How much energy does your building use?

Scott Thompson photo
By Scott Thompson

Scott Thompson passed away December 12th, 2017 after a long fight with cancer. We remember him as a great mentor and good friend, who cared deeply about the people at Weber Thompson, and made sure that everyone who worked for him had their contributions and worth acknowledged and celebrated before his own. He is missed.

A Founding Principal at Weber Thompson, Scott Thompson retired at the end of 2015 with over 35 years of architectural and planning experience, specializing in high-density, urban infill and mixed-use buildings. He also worked on commercial structures, planned-unit developments, high-end condominiums, multifamily housing, hospitality projects, health clubs and custom single-family residences during his career.

The Terry Thomas took First Place in the New Commercial Buildings Category at the ASHRAE Technology Awards in Orlando, Florida back in January.

We have compiled performance data for 2009 and are encouraged to see that the building has exceeded our projections for energy usage.

Stantec’s initial modeling suggested that our building would consume 30-40% less energy than a typical class A office building.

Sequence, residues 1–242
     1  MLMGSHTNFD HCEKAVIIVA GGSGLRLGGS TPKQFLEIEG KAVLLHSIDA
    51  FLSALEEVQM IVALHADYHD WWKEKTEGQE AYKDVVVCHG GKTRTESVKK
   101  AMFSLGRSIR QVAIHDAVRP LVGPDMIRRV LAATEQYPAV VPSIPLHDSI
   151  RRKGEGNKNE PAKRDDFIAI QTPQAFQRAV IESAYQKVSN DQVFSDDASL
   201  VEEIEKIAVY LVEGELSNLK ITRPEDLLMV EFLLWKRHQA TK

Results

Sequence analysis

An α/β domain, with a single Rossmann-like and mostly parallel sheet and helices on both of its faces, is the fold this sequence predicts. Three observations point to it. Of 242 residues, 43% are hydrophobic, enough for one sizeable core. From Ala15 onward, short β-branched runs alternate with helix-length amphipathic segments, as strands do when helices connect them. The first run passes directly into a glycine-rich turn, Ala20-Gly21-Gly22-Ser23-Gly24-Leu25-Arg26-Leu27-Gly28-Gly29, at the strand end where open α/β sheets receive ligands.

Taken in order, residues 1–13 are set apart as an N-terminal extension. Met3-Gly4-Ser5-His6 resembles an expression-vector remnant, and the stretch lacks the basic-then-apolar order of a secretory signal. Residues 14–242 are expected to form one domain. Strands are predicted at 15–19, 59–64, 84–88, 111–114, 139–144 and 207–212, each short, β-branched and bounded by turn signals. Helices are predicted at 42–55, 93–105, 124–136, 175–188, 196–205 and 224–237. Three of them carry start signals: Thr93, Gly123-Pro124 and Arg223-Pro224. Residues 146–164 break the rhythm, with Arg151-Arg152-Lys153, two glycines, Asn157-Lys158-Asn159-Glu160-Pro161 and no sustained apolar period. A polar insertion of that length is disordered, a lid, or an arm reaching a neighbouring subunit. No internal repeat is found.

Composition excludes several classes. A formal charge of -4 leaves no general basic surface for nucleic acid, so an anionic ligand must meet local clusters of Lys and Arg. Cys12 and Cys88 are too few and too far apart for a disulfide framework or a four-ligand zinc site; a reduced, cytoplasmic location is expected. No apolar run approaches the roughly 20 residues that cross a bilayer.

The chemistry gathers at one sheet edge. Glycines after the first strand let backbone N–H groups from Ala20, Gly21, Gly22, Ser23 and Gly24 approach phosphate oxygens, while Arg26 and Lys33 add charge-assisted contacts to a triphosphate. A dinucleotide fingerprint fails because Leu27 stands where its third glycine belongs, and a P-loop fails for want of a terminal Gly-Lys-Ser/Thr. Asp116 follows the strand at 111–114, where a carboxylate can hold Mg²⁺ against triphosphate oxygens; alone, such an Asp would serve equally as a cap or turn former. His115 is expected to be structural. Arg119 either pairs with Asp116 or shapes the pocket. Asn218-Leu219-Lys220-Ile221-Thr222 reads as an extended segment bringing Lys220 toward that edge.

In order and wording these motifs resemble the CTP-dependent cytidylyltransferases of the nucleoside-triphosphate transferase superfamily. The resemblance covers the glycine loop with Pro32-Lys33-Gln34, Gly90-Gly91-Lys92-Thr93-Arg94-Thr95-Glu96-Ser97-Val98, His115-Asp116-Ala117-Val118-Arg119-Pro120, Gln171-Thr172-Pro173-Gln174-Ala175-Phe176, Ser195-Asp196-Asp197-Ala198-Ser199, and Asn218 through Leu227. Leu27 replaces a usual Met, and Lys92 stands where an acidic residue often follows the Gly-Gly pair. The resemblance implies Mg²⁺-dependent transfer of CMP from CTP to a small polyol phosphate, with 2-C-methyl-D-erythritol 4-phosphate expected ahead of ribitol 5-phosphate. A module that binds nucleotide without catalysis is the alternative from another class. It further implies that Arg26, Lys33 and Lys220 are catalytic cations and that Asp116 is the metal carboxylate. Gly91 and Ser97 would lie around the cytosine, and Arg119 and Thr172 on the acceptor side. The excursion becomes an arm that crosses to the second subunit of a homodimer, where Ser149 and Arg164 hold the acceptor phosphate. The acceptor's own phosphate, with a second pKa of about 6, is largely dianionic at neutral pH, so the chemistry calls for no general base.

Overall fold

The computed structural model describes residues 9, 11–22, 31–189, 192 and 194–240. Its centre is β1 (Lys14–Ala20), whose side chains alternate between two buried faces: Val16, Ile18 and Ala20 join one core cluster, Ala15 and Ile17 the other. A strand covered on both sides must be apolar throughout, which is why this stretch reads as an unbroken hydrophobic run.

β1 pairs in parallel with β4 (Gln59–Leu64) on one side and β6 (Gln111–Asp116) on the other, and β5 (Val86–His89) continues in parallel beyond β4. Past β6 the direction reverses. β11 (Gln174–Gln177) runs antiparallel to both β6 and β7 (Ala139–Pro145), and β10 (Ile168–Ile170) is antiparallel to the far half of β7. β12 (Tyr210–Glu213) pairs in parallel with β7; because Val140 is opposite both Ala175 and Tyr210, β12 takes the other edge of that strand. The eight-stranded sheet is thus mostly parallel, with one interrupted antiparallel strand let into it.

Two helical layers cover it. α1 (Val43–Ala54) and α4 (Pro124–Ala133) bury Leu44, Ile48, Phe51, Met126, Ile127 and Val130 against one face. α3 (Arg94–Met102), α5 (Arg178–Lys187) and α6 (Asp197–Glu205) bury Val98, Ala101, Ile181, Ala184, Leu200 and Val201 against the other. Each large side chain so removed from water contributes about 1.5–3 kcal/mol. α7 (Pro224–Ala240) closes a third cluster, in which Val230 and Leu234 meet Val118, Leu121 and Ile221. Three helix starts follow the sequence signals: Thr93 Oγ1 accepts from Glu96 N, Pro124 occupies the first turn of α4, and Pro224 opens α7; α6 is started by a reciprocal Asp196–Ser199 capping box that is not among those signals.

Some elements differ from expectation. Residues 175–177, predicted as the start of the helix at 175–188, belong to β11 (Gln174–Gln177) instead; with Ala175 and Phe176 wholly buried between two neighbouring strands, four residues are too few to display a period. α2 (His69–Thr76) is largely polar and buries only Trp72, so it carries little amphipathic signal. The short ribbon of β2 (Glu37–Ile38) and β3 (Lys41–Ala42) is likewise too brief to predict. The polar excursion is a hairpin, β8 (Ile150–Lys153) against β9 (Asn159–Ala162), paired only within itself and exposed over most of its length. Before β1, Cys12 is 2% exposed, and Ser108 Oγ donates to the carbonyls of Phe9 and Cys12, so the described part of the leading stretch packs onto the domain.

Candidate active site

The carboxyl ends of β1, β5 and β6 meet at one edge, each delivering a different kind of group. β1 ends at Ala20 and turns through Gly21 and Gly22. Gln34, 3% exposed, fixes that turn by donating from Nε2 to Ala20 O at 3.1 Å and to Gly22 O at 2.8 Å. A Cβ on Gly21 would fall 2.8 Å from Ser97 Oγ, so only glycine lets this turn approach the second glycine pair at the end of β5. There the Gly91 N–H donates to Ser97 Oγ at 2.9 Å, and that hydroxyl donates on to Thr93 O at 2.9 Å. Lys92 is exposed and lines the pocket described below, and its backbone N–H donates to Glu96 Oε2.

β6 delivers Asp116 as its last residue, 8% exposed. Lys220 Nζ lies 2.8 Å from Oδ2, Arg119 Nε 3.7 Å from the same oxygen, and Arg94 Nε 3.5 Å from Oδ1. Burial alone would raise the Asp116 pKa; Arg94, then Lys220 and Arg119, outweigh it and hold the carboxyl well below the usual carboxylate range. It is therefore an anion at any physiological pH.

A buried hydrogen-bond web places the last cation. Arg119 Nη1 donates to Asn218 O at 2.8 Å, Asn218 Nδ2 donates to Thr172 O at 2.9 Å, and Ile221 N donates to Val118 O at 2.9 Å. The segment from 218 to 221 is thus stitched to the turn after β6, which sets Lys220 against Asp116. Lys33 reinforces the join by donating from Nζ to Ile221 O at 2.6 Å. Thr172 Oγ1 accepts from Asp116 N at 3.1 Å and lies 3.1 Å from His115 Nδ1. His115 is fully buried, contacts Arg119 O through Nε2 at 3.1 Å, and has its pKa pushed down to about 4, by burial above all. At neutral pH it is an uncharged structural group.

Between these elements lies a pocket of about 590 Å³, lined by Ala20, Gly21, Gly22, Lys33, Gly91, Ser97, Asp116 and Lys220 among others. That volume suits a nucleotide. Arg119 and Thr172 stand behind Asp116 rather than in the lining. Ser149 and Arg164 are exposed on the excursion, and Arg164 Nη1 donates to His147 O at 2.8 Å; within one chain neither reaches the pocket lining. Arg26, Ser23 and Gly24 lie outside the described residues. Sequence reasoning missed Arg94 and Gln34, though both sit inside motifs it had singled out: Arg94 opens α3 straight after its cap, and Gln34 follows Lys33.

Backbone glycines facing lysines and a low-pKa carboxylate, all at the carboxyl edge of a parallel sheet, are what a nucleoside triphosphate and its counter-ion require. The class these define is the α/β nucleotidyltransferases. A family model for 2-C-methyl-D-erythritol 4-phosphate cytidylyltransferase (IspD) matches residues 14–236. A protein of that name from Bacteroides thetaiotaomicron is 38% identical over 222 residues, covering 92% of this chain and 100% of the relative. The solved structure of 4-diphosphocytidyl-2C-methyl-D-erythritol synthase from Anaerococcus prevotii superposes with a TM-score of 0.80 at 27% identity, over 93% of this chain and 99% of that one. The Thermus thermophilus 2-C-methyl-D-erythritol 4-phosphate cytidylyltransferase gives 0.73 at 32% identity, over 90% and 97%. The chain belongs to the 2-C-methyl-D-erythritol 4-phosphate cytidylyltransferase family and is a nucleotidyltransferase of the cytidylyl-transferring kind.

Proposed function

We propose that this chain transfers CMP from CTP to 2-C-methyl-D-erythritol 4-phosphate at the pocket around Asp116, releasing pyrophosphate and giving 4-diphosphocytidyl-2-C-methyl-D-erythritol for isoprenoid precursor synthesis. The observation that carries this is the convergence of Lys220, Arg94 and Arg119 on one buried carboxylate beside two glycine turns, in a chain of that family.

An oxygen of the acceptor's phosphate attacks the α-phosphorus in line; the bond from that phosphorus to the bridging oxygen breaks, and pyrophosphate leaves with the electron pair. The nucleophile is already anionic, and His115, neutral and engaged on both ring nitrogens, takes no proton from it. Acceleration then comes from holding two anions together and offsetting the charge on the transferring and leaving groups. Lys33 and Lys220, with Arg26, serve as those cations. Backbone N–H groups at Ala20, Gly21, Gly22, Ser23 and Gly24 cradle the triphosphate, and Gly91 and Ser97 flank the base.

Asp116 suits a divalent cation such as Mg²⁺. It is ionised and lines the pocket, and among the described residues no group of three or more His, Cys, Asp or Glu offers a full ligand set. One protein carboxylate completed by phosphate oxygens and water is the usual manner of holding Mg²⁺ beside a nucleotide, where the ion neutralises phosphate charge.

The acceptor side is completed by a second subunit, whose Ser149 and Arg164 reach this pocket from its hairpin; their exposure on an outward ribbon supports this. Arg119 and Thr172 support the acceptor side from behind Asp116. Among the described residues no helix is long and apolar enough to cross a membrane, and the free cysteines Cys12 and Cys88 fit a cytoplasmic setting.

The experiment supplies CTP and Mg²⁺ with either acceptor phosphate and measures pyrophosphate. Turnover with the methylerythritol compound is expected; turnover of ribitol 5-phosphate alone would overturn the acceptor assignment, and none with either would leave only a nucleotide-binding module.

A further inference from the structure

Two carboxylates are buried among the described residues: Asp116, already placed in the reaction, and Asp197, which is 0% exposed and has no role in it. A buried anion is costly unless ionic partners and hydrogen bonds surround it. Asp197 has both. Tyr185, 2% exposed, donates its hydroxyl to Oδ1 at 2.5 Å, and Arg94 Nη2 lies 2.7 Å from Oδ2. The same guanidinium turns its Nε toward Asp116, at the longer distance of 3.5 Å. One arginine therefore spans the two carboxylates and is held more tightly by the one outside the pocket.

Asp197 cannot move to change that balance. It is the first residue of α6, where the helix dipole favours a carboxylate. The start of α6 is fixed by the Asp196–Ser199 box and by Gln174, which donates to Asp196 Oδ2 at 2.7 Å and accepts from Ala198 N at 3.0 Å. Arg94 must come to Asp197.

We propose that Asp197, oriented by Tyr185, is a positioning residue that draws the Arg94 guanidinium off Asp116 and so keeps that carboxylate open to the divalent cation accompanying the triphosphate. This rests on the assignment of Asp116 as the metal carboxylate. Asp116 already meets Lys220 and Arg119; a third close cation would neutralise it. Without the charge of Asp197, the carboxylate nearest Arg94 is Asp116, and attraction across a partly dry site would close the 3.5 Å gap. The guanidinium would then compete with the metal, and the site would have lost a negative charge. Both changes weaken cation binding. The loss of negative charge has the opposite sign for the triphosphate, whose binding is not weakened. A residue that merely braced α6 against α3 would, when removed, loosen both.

As it turns out, we are consuming 56% less energy based on the Department of Energy’s National Action Plan for Energy Efficiency metric.

The average Energy Use Intensity for a class A office building in Seattle is 78 kBtu/sf/yr and nationally the EUI is just under 80 kBtu/sf/yr. Our building is tracking at 34.1 kBtu/sf/yr.

The Terry Thomas met the AIA 2030 challenge when we moved in – April 2008 – and is slightly under the target of a 60% energy reduction by 2010.

The good news is that the building is fully leased in very difficult times. The building’s broker, Urbis Partners, points to the sustainable strategies/environment that gave The Terry Thomas the market edge. Summer is right around the corner and we look forward to opening a few windows (248 to be exact) and capturing the courtyard for an evening or two.

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